Types of Mutual Funds – Debt Funds
A Debt fund is a type of mutual fund that invests in bonds and other debt related investments. The primary goal of a debt fund is to preserve the original amount invested and to generate a steady flow of income.
A bond is purchased for a fixed period of time – during this time, the investor is paid a monthly amount, called the coupon amount. At the end of the fixed time period, the bond holder will receive the original amount invested.
2. What are the advantages of investing in debt funds?
Steady flow of income: Debt funds invest in bonds that pay a monthly coupon amount for all investments. A debt fund will usually pay back this money to its investors in the form of dividends. This produces a steady income for the investors of the debt fund.
Low management fee: Debt funds usually have a lower management fee than equity funds.
Low risk of capital Loss: Debt funds invest in bonds and the risk of losing the amount invested in a bond is quite low.
3. Are there risks involved in debt fund investing?
Yes. As with any investment, there are risks involved in investing in debt funds.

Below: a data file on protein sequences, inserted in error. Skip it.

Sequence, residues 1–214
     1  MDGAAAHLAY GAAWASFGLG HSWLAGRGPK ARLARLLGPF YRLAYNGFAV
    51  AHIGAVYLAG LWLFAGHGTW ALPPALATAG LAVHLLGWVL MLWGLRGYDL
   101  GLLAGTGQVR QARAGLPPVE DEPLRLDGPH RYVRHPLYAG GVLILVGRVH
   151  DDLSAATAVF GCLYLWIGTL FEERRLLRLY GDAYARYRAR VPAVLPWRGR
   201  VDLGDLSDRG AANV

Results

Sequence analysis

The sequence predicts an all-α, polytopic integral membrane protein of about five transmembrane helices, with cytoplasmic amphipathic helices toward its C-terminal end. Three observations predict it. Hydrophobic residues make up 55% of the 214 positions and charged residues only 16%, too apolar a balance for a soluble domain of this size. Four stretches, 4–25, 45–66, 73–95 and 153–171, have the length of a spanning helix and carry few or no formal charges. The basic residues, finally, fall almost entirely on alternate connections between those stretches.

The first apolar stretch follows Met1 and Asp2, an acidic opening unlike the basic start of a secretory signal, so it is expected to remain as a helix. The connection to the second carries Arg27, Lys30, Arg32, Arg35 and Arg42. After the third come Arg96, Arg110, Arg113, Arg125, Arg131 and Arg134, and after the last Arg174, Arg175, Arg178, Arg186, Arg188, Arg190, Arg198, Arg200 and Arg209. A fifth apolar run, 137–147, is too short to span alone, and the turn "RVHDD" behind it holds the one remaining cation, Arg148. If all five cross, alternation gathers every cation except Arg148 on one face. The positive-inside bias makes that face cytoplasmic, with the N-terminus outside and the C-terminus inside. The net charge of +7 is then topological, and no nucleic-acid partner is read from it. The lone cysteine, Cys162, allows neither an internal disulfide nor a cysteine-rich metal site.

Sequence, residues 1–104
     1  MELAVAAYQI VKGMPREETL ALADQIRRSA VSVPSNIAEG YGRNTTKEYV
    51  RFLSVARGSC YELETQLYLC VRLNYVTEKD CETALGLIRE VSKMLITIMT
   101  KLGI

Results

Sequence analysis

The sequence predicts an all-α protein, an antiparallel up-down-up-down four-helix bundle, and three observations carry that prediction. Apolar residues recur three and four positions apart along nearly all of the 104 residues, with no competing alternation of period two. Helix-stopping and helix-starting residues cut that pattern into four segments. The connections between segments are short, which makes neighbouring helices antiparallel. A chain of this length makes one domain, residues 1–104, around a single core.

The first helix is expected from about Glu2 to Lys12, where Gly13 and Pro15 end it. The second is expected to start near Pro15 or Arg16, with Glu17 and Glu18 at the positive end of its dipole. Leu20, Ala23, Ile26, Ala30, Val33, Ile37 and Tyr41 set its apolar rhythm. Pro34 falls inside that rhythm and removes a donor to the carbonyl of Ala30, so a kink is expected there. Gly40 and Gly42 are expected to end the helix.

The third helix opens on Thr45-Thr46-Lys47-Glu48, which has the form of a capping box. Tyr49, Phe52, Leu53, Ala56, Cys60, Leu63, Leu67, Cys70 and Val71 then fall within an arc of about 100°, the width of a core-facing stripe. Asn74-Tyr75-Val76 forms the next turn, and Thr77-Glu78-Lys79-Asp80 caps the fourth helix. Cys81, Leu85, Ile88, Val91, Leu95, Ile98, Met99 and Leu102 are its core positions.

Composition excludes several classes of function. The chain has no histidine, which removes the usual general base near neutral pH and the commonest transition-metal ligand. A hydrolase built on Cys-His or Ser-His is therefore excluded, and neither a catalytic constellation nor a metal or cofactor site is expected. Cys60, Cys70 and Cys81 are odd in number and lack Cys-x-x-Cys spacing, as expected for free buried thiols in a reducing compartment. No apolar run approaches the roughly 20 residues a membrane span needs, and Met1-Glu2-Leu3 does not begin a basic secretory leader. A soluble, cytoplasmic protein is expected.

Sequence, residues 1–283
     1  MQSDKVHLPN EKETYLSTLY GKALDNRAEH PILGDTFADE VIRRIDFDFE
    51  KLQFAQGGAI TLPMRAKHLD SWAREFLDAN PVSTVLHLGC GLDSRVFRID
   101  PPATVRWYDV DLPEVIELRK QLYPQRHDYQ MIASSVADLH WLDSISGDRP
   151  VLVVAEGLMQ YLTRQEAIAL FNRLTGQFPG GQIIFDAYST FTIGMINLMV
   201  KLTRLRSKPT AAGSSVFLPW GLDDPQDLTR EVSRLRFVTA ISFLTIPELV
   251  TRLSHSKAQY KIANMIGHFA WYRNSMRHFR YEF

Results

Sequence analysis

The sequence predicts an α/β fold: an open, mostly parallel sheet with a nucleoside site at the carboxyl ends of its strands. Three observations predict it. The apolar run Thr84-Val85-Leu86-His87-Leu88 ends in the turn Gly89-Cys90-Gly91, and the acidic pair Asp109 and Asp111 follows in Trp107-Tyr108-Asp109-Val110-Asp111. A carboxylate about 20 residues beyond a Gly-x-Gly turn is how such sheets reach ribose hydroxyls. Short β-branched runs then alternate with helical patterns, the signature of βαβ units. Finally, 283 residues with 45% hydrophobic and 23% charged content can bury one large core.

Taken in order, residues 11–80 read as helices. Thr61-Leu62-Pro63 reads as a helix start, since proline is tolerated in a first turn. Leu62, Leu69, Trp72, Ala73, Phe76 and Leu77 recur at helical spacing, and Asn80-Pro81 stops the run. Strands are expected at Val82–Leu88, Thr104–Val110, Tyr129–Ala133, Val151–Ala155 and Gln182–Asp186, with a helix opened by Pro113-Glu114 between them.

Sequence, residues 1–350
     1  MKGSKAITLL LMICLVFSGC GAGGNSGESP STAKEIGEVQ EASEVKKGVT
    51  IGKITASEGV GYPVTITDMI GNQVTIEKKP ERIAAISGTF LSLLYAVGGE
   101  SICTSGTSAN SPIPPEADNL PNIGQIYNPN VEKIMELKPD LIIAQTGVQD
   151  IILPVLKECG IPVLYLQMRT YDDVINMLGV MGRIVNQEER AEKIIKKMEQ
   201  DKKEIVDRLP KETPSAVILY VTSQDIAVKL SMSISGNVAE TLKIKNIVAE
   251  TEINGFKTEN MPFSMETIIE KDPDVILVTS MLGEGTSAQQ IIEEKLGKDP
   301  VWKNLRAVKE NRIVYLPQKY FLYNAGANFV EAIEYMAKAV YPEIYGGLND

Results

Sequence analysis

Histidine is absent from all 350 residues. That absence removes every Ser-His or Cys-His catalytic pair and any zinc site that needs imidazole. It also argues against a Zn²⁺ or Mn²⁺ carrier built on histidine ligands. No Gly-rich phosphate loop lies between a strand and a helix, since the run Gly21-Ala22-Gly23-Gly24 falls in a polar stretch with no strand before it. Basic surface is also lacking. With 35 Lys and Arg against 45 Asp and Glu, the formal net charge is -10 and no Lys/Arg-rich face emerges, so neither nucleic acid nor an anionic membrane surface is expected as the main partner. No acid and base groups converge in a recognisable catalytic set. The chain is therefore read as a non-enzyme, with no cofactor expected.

Credit Risk: For example, the bond in which the fund has invested can default – this means that the bond issuer will fail to pay back the money that was invested in the bond. However, debt investments are usually made in low risk bonds such as government issued bonds, and therefore the risk of default is quite low.
Interest Rate Risk: Interest rate changes will impact the price of the bond. Long term bonds are affected more by interest rate changes than short-term bonds.
4. What are the different types of debt funds?
These funds are meant for investors who need to cash their investments fairly quickly, say, 3 months or less. These are low risk investments and offer returns that are slightly higher than deposit schemes.
These funds will provide a steady flow of income either monthly or quarterly. Income funds are meant for investors who desire a steady flow of income.
These funds invest in bonds issued by the Government of India. These funds are therefore very low risk in terms of credit default since the government will almost never fail to repay its debt. These funds however, carry an interest rate risk.
These funds make a majority of their investments in variable rate (or floater) bonds. These funds will therefore be affected either positively or negatively by interest rate changes.
These funds provide a monthly income to its investors on the form of dividends. These funds are recommended for investors who are looking to invest a large amount of money and would like a steady flow of income.